If you’re only arriving here, please read How to Deal with the Coronavirus Information Overload – Part 1 of 2. There, we considered news overload and one way to manage, at least, some of it. Here, we look at how to set up that process in a task manager. Please note, this is an advanced case use with OmniFocus.
How to Create a Dedicated Project Using OmniFocus
Here, I present my own set up in OmniFocus. The following is my “Stay Up to Date with Coronavirus” project:
Each of these are tasks that I’d like to follow up. At a broader view, here is my daily list (called “Current”) where I link to the Coronavirus project:
Under the Hood
Each of my tasks carry a link to get me to the actual work. Expanding the note fields in the project, you can see links that connect to my reference storage and useful websites:
In the project note field, I keep a link to a DEVONthink group where I store any articles I’ve read or want to read:
which links to:
Several tasks in OmniFocus then repeat daily:
Using Jesse Hollington’s ever-useful go to link, I can quickly hotkey my way to whatever I want to read.
Adding It to the Day
From here, the project itself is linked to from my Navigation projects as part of my major routines (For a detailed look at creating a Navigation system see p712 of Creating Flow with OmniFocus):
I set the launch task to repeat daily linking it to the project:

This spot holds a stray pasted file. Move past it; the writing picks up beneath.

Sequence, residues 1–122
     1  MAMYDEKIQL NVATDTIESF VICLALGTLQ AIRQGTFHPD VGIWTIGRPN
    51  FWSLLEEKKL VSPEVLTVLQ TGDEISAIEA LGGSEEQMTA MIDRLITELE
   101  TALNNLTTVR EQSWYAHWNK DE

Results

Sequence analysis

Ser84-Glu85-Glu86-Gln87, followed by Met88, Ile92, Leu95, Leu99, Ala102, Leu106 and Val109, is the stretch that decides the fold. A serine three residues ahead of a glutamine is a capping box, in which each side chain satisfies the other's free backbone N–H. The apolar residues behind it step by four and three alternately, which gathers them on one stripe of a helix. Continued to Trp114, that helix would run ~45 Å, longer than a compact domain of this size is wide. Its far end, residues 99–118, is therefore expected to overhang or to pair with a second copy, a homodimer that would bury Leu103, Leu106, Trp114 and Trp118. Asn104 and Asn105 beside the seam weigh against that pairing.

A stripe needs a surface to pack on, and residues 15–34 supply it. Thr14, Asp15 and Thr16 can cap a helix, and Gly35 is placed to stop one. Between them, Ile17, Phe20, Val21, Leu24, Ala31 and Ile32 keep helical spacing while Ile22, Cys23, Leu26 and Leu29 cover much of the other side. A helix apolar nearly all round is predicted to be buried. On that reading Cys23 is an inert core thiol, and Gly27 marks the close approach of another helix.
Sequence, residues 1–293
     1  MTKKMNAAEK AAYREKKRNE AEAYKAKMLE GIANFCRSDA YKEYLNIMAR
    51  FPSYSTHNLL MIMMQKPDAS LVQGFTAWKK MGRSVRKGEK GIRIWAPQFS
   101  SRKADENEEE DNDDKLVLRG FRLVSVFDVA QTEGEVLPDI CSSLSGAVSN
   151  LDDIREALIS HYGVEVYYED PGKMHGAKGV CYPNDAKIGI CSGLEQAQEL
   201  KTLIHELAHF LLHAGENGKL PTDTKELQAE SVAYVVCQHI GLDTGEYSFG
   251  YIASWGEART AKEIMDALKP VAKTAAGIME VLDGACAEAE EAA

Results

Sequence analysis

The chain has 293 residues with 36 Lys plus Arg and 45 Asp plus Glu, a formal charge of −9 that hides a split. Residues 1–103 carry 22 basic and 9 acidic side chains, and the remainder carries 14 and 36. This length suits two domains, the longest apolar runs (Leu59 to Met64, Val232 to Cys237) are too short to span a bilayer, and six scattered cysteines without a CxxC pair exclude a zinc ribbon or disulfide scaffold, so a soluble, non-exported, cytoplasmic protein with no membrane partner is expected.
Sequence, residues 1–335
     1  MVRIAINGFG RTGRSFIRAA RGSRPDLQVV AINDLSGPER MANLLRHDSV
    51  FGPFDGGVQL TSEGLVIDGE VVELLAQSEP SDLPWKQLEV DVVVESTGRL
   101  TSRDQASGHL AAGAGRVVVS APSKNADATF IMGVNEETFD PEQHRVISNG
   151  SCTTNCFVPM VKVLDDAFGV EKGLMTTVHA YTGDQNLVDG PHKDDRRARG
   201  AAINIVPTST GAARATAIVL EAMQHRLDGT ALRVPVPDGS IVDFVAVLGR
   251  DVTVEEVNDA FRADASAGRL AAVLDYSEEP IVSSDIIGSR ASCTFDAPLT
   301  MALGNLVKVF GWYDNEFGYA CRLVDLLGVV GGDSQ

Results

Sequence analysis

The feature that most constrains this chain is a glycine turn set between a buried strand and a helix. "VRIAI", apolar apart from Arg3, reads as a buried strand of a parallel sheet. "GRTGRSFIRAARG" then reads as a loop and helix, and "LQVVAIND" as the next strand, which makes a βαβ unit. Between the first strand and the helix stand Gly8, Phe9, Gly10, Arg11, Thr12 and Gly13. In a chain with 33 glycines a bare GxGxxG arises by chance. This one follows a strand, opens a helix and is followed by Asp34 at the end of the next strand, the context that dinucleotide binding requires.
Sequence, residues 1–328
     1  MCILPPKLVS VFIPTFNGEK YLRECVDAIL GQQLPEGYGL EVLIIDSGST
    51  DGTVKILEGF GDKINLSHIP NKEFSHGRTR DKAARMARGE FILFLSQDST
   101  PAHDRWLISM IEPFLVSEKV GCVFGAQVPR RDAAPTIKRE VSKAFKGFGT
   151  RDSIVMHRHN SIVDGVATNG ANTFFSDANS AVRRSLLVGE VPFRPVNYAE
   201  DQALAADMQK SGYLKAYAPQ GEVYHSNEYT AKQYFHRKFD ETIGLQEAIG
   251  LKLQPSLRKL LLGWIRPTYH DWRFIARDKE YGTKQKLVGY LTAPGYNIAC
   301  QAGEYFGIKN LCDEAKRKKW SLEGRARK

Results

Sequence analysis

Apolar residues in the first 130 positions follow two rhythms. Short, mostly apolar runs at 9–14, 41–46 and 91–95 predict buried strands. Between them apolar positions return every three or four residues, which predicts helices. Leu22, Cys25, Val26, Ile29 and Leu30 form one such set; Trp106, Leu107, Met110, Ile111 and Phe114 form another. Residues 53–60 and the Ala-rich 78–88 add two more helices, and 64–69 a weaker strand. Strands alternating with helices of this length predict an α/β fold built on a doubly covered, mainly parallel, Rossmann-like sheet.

At this point, I have a repeating task representing a single session of study for the day:
The work has a place. It doesn’t spill over and take up more or less time than I consider reasonable. I can go through the news that I care for in a targeted fashion. I can do so at the beginning, middle, or end of the day. When I’m done, I mark the task complete knowing it will appear again tomorrow. If I run into something I want to read later, I can add it to the “Stay Up to Date with CoronaVirus” project and it will wait until the next time the launch task becomes active.
Consider how you arrange your tags to make them easiest to assign.
An hour discussion with Mike Schmitz and David Sparks about productivity
A simple tip to change how you view your tasks
What does the phrase “Work Smarter, Not Harder” mean?
Does a task system tell you what to do or do you telll it what to hold onto?
Consider how to end a session well to best keep your paths free of clutter.
Next-Up lists have their benefits, but need some support, too.
How strict should we be with rules we make for ourselves?
We can manage deadlines better by leveraging repetition